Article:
Working with Sugar

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Adding a sugar topping to traditional recipes may  seem a bit decadent, but there’s no denying that a little extra sugar can turn just about any meal into a sweet treat.

If the cost has discouraged you from adding some colored sugar sparkle to home-baked treats, here’s an easy and inexpensive way to add colored sugar to your cake and cookie decorating arsenal.

Mixing Complementary Colors

Yellow and purple, red and green, blue and orange — these are the primary colors with their “complements.” Mix the primary and complementary colored sugars together in equal parts, and the likely result will be an unattractive grey or a mildly pleasing brown. However, if you want to lower the saturation of a color (for example, turn a bright green into a sage green),  start by adding the primary color’s complement (for the green example, try adding red). Word of caution: a little complement goes a long way. Always start by adding the smallest amount possible.

Brightening Colors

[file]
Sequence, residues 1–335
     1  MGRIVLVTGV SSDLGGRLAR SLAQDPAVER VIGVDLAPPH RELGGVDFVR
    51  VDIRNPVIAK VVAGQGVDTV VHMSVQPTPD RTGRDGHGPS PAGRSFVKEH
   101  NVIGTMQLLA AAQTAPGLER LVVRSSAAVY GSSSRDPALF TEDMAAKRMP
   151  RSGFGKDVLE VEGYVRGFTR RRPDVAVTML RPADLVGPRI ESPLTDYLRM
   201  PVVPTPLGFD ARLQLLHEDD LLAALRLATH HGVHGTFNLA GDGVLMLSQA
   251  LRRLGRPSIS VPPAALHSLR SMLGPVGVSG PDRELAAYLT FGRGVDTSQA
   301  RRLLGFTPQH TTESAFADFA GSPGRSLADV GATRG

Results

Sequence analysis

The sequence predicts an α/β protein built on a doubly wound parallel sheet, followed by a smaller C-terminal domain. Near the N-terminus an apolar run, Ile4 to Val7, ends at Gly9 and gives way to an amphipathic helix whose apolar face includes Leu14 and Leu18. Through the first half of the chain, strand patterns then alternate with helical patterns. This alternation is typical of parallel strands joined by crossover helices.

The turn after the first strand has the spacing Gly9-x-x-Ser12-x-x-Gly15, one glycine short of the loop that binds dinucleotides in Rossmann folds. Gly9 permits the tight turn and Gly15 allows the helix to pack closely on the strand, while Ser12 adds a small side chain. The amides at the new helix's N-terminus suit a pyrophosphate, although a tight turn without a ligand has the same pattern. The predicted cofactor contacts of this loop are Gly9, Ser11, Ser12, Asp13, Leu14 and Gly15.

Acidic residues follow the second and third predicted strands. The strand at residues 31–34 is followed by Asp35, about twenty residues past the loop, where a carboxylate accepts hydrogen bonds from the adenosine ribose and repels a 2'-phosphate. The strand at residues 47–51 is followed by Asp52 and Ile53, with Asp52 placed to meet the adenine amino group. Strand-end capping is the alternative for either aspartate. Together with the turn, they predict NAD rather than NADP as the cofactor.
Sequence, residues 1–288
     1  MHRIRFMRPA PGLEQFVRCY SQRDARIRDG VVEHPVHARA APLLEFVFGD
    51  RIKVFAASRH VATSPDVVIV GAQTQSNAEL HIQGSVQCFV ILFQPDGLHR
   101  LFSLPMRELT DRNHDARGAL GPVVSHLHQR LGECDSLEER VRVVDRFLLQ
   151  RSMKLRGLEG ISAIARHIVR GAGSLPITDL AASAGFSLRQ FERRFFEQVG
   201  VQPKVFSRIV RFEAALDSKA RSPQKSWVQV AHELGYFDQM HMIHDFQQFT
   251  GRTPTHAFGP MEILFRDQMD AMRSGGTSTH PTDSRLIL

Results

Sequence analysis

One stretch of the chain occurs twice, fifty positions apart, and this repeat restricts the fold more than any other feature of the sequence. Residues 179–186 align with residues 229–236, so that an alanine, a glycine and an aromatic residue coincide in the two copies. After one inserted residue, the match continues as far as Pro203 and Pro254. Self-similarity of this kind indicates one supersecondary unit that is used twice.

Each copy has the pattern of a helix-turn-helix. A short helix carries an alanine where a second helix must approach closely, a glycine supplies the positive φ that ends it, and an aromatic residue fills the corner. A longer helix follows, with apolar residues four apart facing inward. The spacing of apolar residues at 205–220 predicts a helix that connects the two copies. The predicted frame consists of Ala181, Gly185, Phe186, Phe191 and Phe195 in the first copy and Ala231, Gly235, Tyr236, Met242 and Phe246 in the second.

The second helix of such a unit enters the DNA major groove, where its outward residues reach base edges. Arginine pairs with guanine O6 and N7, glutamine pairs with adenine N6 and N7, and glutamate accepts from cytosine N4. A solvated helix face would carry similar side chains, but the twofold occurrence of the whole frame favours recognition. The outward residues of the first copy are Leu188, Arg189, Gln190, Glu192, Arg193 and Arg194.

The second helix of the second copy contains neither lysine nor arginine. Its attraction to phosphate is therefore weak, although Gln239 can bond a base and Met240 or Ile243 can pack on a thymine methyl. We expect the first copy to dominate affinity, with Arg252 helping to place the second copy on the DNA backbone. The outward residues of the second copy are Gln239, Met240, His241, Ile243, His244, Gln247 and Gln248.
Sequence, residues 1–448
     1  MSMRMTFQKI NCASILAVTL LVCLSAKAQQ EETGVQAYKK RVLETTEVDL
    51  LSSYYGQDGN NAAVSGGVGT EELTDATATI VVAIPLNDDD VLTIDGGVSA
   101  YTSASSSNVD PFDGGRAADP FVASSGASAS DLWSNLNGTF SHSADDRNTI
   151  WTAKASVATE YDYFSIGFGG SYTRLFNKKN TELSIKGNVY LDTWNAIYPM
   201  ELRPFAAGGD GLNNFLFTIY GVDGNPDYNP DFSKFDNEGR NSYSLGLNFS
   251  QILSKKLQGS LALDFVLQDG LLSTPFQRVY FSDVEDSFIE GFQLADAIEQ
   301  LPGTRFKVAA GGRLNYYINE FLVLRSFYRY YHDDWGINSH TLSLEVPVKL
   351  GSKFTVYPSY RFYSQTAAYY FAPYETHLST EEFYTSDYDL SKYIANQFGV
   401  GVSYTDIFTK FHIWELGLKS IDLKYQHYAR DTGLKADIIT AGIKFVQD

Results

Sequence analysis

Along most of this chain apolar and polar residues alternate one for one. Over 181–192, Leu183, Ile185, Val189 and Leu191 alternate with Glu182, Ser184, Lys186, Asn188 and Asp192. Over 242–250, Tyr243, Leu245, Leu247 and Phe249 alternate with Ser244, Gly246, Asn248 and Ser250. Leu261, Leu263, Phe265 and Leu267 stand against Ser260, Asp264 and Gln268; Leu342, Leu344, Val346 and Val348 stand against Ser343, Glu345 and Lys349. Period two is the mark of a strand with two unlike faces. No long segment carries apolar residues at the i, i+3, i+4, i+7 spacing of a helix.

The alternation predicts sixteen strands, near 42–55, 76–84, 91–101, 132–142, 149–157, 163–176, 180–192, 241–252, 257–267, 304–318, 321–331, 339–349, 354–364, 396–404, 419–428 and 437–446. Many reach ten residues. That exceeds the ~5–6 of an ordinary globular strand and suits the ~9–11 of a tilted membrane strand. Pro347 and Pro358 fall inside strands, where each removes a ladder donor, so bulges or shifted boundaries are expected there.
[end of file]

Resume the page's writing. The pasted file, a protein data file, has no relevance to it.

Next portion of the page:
While mixing complementary colors reduces saturation, placing them side-by-side brings out their best. So if yellow sugar flowers are looking a little dull, add a small violet center. Likewise, a bright orange car cake is even brighter and zippier with a touch of blue pin-striping. Try pairing greens with purples (red + blue) and reds with teal (green + blue) to get some of the brightening effect without getting the “looks a lot like Christmas” effect.

Too Dark

When coloring sugar (or frosting), you cannot make a “too dark” color lighter by adding more colors, even light colors. Unless you use white food coloring, the only way to lighten colored sugar is to add more sugar (this solution assumes the colored sugar hasn’t been allowed to dry out). Add sugar in measured amounts (1/8 cup, 1/4 cup) and keep track of how much sugar you use to achieve the perfect color so you’ll be able to duplicate it at another time.

Duplicating Colors

As you begin the process of coloring sugar, keep a tally sheet of the colors you’re adding (including amounts). When you arrive at the final color, the tally sheet will give you the precise “color recipe” to duplicate the color at a later time.

Type of Storage Bags Used

If you mix colored sugars in a plastic “zip” bag, avoid the “easy zip” style that has an actual zipper mechanism. While they’re convenient at first, the natural grittiness of sugar destroys the zipping mechanism fairly quickly. And unlike standard zip close bags, you cannot zip the more complex zipper bags back together manually — you have to replace the bags… or have a mess. And yes, I do speak from experience on this one.

Some recipes you might like:

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